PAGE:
Geographically, the locations of top spending remodeling markets shifted during the recession. From 2000-09, top spenders were concentrated mostly on the Northeast Seaboard and West Coast. Recently, however, the Midwest and South have fared better, in addition to metro areas with lower rates of delinquent mortgages, he said.

The variables

Among the variables that could affect the housing and remodeling markets in 2011: consumers' ability to obtain financing, extension of tax credits for energy-efficient home improvements, and ongoing developments related to the Environmental Protection Agency's lead rules.

In fourth quarter 2010, both short- and long-term interest rates were very low, with mortgage rates for most homeowners at 6 percent or less, Baker said. Among bank officials whose lending standards were tighter than normal, the majority predicted their banks' lending standards would not return to normal until after 2012, or would remain tighter than normal for the foreseeable future, according to the Federal Reserve Board's fourth quarter Senior Loan Officer Opinion Survey on Bank Lending Practices.

At press time, it also was still unclear how taxes would impact the 2011 economy. After the midterm election, Congress was expected to pass an extension to the tax cuts implemented during the Bush administration. However, it was still unclear who those cuts would extend to. As of Dec. 1, negotiations were ongoing as Congress looked to finalize a plan before the tax cuts expired at year's end.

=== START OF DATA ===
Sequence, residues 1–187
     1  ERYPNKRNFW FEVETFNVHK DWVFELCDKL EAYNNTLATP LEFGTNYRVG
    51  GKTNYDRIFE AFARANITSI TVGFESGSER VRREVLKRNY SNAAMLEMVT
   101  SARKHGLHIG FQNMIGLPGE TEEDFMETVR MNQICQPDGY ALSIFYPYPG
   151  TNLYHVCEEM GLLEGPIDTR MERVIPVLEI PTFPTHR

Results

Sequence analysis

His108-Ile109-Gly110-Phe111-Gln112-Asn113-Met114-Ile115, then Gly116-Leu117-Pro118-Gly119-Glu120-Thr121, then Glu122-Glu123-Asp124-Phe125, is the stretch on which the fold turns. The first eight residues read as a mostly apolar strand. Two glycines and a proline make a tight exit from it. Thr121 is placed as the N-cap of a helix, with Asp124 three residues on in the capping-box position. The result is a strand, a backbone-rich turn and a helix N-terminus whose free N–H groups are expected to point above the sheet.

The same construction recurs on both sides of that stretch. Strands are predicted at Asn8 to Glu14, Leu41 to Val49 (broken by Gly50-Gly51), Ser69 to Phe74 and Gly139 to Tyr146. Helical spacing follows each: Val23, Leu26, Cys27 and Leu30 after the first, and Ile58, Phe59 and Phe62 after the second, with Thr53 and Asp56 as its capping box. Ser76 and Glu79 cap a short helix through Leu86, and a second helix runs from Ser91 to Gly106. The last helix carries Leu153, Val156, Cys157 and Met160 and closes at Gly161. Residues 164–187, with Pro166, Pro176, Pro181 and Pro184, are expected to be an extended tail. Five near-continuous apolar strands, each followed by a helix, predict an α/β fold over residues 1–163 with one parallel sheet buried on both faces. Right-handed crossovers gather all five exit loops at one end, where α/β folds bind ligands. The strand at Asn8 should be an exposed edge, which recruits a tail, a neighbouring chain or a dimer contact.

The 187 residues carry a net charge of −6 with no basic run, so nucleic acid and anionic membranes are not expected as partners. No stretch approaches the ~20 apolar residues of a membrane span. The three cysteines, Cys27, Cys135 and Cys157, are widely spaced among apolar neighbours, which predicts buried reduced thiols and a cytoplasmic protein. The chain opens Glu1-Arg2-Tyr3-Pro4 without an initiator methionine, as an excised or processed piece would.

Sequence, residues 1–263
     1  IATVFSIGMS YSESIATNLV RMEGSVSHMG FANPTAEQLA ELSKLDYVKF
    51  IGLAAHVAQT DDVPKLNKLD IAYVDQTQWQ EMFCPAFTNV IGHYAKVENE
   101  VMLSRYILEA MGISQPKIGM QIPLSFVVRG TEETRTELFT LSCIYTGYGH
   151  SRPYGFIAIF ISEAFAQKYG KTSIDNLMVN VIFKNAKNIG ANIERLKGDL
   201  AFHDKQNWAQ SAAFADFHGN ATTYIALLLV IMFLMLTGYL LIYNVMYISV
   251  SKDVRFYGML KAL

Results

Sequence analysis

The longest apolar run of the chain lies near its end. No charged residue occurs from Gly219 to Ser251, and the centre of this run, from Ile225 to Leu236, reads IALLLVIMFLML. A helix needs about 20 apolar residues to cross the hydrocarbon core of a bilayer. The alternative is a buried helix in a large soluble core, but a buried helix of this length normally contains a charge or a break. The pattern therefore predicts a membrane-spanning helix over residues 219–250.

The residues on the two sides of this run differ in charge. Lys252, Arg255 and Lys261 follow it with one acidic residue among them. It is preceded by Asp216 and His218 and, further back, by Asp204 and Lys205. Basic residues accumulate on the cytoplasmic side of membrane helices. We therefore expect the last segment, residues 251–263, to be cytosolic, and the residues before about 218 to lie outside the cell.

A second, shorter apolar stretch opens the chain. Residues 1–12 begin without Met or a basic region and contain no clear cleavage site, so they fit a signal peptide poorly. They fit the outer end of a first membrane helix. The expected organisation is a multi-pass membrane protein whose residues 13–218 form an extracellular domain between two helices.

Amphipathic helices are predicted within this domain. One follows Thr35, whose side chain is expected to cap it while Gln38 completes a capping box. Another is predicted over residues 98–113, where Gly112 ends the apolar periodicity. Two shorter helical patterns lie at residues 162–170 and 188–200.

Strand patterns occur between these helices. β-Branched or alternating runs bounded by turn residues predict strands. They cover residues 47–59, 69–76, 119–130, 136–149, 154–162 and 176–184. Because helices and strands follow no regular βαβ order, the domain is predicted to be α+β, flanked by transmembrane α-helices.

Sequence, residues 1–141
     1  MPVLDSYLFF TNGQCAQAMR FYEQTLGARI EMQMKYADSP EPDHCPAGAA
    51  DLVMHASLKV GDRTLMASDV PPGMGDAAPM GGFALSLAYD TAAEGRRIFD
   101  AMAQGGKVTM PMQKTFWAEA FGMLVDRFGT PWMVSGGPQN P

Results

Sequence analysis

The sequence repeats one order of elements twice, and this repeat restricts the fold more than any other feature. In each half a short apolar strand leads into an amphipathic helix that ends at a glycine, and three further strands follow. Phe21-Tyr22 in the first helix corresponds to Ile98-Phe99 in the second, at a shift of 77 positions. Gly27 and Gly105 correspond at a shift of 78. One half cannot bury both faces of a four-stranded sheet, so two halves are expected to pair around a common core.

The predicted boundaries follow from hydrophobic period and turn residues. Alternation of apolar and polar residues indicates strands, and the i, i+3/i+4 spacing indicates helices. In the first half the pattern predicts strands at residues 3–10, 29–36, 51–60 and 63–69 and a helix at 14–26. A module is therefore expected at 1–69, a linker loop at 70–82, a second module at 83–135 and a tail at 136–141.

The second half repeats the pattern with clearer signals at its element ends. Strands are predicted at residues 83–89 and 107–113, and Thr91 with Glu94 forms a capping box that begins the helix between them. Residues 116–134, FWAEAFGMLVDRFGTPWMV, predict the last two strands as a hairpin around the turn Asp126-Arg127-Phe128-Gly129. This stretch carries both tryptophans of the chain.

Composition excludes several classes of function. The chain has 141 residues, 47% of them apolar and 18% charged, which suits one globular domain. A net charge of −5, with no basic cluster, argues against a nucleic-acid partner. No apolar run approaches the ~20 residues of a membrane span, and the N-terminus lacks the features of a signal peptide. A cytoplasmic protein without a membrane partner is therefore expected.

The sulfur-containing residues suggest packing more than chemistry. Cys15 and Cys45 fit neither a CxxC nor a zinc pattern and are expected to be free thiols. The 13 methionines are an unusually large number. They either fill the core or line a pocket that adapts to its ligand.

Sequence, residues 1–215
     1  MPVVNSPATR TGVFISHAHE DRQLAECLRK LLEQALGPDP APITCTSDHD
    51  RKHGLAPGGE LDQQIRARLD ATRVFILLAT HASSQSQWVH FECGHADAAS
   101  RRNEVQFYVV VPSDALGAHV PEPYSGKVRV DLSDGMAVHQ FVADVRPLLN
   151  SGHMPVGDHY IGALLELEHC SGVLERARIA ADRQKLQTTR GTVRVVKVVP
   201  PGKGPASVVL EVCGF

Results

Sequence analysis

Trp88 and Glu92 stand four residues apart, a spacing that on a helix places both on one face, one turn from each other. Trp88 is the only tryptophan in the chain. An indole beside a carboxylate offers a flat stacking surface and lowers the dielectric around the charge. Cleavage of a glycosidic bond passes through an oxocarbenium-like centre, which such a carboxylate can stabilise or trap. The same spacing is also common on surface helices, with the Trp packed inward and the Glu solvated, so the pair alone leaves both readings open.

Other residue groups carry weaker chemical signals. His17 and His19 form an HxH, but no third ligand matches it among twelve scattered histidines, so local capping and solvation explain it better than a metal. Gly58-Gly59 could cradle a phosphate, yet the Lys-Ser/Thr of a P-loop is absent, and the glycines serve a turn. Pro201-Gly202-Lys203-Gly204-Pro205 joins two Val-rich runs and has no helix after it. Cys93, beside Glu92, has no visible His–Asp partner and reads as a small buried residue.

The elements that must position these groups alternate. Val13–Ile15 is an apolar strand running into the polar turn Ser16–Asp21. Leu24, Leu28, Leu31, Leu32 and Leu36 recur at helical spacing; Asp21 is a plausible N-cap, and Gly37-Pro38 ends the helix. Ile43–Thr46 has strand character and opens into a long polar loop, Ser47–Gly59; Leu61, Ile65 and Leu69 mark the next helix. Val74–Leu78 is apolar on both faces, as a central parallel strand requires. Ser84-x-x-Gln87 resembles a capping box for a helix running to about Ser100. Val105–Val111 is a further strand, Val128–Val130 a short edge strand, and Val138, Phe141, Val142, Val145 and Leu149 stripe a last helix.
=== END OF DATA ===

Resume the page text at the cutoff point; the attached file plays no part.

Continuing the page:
For retailers offering window replacement services, tax credits and EPA lead rules also could significantly affect business this year. In 2010, energy retrofits and renovation of distressed properties helped revive a weak home improvement market, Baker said. The number of firms reporting they had worked on projects qualifying for federal energy tax credits increased to 58 percent in third quarter 2010, from 39 percent a year earlier, according to the 2009-2010 JCHS National Green Remodeling Surveys.

It remains to be seen whether retailers will be able to enjoy the benefits of such tax credits in 2011. On Dec. 4, 2010, the U.S. Senate rejected a proposal by Sen. Max Baucus (D-Mont.) that sought to extend and modify the existing home retrofit tax credit for windows that qualify toward energy-efficient home improvements, according to a release from the American Architectural Manufacturers Association, Schaumburg, Ill. At press time, the credit was set to expire Dec. 31, 2010. AAMA, in addition to the Window & Door Dealers Alliance, McLean, Va., were urging members to contact their representatives in support of a tax credit extension.

Also impacting the window replacement business will be the EPA lead rules. Issued in April of last year, the lead paint regulations require renovations and repairs—including window replacements—in pre-1978 homes be conducted using lead-safe work procedures. These procedures include training and certifying contractors in lead-safe work practices, mandatory lead-paint based clearance tests, and certified project inspection. Surveys conducted by the Window & Door Dealers Alliance, Mclean, Va., indicate the LRRP rule has had a significantly negative impact on contractors. At the American Architectural Manufacturers Association Fall Conference last year, Rich Walker, AAMA president and CEO, reported contractors were avoiding window sales opportunities, and new window orders were tracking 20 percent below trend, particularly in the Northeast, as a result of the new regulations. Industry efforts to repeal the rules are ongoing. 

Jenni Chase is editorial director of Glass Magazine, e-glass weekly and Write her at